Journal.

Posted by capitalandcentric - 07th July 2016

A quick interview with the Tempest resident beekeeper Beeshack

Tell us a bit about yourself.

 

My name is Martin Swift and I'm the founder and owner of Beeshack.org.uk. I've been keeping bees for 7 years now and I currently have 45 colonies which will increase up to 60 this year.

 

Why have you chosen Tempest for a hive?

 

Well Tempest actually got in touch with me because they're an environmentally focused company and wanted to put a beehive on the roof. And, you know it's really working well with us.

 

How many bees are currently at Tempest?

 

There's approximately around 30,000 bees.

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Whats the current problem with bees at the moment in the UK and worldwide?

 

We've got a few problems. One is pesticides; the biggest problem. The second problem is the Varroa mite, which you can't eradicate but you can control it. It bites the bee and causes cuts which in turn causes viruses, weakens the bee and then it dies off. So we can only manage that and not eradicate it.

 

We've got another problem that may hit us, which is the small hive beetle. It lays its eggs in the hive, the larvae eats the bees, the honey, the wax. Then it burrows out, pupates to a beetle and then the whole cycle starts again. Being a port [in Liverpool] it means we're red hot on the list for it actually coming- it'll probably come in on food. Liverpool and Portsmouth etc, they're the hot spots in the country.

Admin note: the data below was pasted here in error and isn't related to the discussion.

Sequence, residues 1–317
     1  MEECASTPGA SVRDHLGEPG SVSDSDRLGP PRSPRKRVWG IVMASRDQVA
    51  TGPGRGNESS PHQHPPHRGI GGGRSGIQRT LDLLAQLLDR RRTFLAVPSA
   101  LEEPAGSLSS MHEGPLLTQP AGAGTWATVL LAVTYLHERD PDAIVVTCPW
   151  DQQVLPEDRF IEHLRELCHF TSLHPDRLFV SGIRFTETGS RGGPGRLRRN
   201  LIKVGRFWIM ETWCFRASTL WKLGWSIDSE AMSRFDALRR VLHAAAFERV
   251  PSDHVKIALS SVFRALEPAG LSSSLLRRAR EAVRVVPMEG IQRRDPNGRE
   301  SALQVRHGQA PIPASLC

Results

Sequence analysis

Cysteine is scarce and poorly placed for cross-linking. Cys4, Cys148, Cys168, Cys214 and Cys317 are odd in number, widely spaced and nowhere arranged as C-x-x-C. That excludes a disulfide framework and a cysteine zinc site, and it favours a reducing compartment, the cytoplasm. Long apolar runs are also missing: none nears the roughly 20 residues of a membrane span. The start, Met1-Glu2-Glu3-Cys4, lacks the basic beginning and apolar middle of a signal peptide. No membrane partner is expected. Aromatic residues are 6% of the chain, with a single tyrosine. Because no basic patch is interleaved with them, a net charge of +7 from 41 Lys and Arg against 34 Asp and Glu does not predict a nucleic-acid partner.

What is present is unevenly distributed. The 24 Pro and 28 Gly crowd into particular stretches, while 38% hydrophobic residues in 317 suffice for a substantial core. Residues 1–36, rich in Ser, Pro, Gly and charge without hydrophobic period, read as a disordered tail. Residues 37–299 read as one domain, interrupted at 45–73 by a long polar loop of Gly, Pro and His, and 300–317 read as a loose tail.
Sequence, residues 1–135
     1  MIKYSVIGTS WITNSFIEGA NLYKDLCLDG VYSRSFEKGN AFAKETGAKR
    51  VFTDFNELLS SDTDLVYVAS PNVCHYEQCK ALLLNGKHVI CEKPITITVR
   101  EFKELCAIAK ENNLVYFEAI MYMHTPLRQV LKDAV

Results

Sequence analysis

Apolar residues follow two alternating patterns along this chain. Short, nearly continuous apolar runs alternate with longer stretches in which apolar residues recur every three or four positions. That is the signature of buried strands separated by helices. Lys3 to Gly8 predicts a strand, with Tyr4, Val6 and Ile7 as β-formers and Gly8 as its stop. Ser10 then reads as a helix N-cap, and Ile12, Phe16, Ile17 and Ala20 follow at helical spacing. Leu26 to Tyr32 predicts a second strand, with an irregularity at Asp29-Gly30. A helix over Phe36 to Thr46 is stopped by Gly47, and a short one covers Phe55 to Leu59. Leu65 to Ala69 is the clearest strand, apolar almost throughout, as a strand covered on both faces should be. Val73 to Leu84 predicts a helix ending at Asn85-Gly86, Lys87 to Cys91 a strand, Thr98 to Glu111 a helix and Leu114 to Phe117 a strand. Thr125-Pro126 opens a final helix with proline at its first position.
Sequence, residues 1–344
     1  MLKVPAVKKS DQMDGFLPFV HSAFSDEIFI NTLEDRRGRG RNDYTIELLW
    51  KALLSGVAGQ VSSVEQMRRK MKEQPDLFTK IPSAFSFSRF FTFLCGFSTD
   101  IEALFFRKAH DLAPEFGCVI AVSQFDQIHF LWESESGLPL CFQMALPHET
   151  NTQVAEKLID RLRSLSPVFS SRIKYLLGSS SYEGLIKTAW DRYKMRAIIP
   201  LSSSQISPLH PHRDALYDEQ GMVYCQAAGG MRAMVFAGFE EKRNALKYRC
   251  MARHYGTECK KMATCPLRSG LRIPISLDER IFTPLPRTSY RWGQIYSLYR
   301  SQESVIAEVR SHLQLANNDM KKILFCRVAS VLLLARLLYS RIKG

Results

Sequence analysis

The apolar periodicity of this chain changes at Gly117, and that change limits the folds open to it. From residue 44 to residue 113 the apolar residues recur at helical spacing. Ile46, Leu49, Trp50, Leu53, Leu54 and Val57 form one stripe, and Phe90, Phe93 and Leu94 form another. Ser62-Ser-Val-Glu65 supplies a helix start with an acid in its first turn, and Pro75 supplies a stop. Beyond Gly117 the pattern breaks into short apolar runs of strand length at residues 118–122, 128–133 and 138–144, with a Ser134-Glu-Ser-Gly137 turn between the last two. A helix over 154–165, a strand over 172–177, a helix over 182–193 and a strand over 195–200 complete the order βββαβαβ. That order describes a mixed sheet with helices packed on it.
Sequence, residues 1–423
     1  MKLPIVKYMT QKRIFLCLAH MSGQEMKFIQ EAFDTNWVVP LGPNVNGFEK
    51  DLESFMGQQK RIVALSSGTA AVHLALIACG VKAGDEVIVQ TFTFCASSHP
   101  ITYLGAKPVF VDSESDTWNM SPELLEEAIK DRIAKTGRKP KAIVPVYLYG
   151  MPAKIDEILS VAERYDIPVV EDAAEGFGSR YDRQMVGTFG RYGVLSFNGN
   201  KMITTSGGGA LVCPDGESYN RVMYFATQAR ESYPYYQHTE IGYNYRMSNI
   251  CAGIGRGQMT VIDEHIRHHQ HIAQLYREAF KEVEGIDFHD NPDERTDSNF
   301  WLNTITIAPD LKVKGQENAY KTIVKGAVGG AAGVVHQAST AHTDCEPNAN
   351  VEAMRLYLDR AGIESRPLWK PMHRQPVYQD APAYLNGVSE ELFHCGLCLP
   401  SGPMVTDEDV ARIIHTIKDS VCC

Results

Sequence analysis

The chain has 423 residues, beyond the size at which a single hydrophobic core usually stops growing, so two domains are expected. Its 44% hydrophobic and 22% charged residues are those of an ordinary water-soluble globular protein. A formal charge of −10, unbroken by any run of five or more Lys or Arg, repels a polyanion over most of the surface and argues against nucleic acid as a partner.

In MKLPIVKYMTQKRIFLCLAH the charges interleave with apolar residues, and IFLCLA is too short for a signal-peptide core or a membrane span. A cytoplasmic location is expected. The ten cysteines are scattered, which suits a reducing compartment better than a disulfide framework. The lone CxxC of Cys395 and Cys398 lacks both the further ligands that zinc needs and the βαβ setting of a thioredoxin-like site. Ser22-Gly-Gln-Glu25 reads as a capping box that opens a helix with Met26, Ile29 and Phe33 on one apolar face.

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Why is it important that we are aware of and involved in the issue?

 

I think it's really important because they're the base of the food chain. Without them we wouldn't have any food. If we didn't have pollinators, we'd have four years to live. Initially there wouldn't be any apples, pears or oranges. Then we'd just be down to grains, barley, wheat and then that'll eventually die out. You'd even have no animals because there would be no feed for animals, so its a knock on effect all around.

 

But it's also important for people, generally, to plant bee-friendly flowers because city beekeeping is FAR better than rural beekeeping. Rural beekeeping, you've got a monocrop which maybe flower for two months and then is barren after that. So city bees thrive a lot more.

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How does the produce compare from city bees to rural bees?

 

Outside in the countryside you have mono crops so therefore you'll have a certain type of flavour and because of all the seedrape, it sets and crystallises. It's gritty and it's very bland. But because of the different varieties of flowers and trees in the city, the flavour varies from early season honey to late season honey. It's so wide and so different.

 

This hive at Tempest, the honey will even taste different from south of Liverpool because the bees are just foraging on different things. 

 

Tell us about your beekeeping classes.

 

At the moment I'm working as a sessional tutor at Blackburne House which has been awarded just short of £1m from Our Bright Future and is linked to the Wildlife Trust to deliver beekeeping over the next five years to 17-24 year olds. So if anyone wants to get involved, they can get in touch with Blackburne House and I also privately run courses for corporations.

 

For more info on the Beeshack or beekeeping lessons, visit Beeshack.org.uk

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